If your dog is a less-than-perfect passenger, learning to live with the problem isn’t the answer — you need an action plan. Karen Bush advises.
Start enjoying your outings together instead of dreading them, by identifying the underlying causes and taking action to remedy them. And if your dog is already a happy and confident passenger, these tips can help you ensure he stays that way!
If your dog has any anxieties about travelling in the car, put an action plan in place:
A is for ACTION PLAN
Get a vet check
Health issues, which can range from inner ear infections to orthopaedic problems, can be at the root of travelling problems so the very first thing on your list should be to make an appointment with your vet for a head-to-toe health check.
Create positive associations
Bad associations — whether it was your dog’s first trip in a car when you collected him as a puppy, or a lot of car journeys where the destination has been the vet rather than the park — can lead to travelling problems. You’ll need to be observant, as well as consider your pet’s past history so you can begin creating more pleasant associations.
Set up training plans
Travel training can help restore confidence and allay anxieties if taken slowly and broken down into lots of easy stages, first while the car is stationary and gradually building up to it moving. Use whatever best motivates your dog, whether food, toys, or getting some fuss from you. Keep each session brief enough that it’s within the ability of your dog to cope — overexposure can result in escalation rather than reduction of anxiety levels.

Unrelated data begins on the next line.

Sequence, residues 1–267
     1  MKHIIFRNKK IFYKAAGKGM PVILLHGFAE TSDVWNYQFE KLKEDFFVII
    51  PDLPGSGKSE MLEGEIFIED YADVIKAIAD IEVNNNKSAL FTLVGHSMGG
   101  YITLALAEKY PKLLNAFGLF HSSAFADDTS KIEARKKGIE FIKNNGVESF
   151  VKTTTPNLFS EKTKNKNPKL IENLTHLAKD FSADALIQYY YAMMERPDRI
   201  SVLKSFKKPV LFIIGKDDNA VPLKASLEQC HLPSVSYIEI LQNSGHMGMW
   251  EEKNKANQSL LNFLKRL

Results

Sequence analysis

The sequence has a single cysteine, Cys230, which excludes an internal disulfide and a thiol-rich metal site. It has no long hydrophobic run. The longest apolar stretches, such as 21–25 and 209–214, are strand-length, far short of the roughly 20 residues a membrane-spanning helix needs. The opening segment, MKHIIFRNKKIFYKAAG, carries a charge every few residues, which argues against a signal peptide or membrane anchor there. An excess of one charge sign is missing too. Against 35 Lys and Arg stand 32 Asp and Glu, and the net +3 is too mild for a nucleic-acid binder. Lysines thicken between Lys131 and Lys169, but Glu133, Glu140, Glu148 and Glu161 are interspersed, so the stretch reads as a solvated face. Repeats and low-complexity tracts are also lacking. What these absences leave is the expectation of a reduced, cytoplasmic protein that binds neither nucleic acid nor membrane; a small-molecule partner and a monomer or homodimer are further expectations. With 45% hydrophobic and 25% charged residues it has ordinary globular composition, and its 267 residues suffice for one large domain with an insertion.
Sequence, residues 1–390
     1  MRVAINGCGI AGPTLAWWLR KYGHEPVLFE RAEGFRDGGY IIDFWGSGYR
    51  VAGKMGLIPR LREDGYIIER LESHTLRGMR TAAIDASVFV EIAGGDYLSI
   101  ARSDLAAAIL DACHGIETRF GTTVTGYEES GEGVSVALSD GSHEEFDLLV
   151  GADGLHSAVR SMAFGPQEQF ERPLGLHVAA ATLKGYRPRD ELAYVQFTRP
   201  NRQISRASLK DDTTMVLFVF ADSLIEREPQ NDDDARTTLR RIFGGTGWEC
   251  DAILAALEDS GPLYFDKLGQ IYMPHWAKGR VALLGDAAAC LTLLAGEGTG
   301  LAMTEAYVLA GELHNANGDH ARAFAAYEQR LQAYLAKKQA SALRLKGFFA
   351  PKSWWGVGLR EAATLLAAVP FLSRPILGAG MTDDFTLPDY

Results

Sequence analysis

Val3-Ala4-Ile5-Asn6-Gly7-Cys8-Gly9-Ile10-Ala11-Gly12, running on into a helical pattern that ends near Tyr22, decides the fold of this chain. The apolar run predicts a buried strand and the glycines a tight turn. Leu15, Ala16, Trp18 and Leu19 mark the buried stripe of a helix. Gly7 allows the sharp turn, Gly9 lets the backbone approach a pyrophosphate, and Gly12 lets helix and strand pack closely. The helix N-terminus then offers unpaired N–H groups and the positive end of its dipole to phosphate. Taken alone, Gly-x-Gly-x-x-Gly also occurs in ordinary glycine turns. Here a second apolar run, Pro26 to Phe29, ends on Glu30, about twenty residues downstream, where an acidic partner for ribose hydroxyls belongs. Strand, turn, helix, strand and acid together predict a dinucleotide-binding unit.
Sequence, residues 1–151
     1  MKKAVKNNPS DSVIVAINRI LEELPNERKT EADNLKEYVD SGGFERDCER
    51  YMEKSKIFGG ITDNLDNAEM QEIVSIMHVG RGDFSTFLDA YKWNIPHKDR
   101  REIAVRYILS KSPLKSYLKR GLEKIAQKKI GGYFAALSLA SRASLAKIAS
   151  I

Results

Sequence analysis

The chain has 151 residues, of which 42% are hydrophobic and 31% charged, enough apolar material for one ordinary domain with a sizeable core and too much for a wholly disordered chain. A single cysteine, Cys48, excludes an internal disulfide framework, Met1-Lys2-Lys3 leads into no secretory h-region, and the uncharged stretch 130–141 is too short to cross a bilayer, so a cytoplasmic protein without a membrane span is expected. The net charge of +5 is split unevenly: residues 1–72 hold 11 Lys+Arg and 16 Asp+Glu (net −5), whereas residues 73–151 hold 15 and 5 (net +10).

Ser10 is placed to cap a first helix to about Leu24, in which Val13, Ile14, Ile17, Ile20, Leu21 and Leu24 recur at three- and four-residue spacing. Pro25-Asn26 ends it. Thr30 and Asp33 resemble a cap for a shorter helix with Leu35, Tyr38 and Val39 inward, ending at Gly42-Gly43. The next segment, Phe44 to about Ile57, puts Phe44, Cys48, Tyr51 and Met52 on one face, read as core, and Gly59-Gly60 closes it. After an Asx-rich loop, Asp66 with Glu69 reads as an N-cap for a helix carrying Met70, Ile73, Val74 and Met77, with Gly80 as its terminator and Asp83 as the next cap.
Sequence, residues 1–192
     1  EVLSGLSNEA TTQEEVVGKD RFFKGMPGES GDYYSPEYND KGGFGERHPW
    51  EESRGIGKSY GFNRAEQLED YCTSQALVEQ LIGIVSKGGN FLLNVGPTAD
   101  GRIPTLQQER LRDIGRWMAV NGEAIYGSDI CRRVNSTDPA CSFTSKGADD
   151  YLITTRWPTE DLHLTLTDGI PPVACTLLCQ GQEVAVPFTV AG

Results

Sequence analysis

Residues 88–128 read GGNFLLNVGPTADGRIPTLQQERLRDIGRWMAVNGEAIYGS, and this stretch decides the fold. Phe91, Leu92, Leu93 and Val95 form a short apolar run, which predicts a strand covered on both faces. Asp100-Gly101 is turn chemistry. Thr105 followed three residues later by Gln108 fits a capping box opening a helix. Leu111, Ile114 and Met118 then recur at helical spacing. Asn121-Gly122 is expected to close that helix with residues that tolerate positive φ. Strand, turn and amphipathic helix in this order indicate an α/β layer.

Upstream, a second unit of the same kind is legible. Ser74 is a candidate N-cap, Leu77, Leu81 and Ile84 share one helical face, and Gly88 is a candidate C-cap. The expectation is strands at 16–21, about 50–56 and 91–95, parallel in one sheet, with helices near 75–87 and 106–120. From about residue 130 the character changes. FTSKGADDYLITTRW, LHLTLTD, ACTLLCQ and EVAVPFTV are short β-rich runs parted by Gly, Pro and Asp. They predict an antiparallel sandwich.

Because containing your dog in the car is important for both his safety and that of other passengers, you may also need to set up training plans for the following:
● Seat belt training — even if your dog is happy about wearing a harness on walks, one designed to act as a seat belt in the car can be a different matter.
● Crate training — similarly, expecting your dog to go straight into a travelling crate and be happy about it with no preparation could be setting yourself up for more travel issues.
A head-to-toe health check from your vet is the first place to start when resolving travelling issues.
B is for BEFORE YOU SET OUT
● Don’t travel your dog on a full stomach; feed a light and easily digested meal around three to four hours before his journey. If he’s liable to vomiting, starving him may mean there’s less to throw up, but won’t stop the problem, and missing a meal can cause stress vomiting in some dogs.
● On longer journeys, research your route in advance so you can plan bathroom breaks in nice walking areas. Aim to stop every two hours (for your dog’s sake, even if you have a cast iron bladder yourself!). After sitting in one position for a long time, the chance to stretch your legs in the fresh air will physically and mentally benefit you as well as your dog.
● Make sure your dog has any anti-nausea medication in plenty of time before setting out or it may not work effectively — check the manufacturer’s instructions.
● Even if you are just going for a short drive, pack a travel bag containing fresh drinking water, a bowl, and just in case, a clean-up kit. Dog-friendly wipes can also come in handy should he find something smelly to roll in on a bathroom break — you don’t want to share the car with his noxious odours!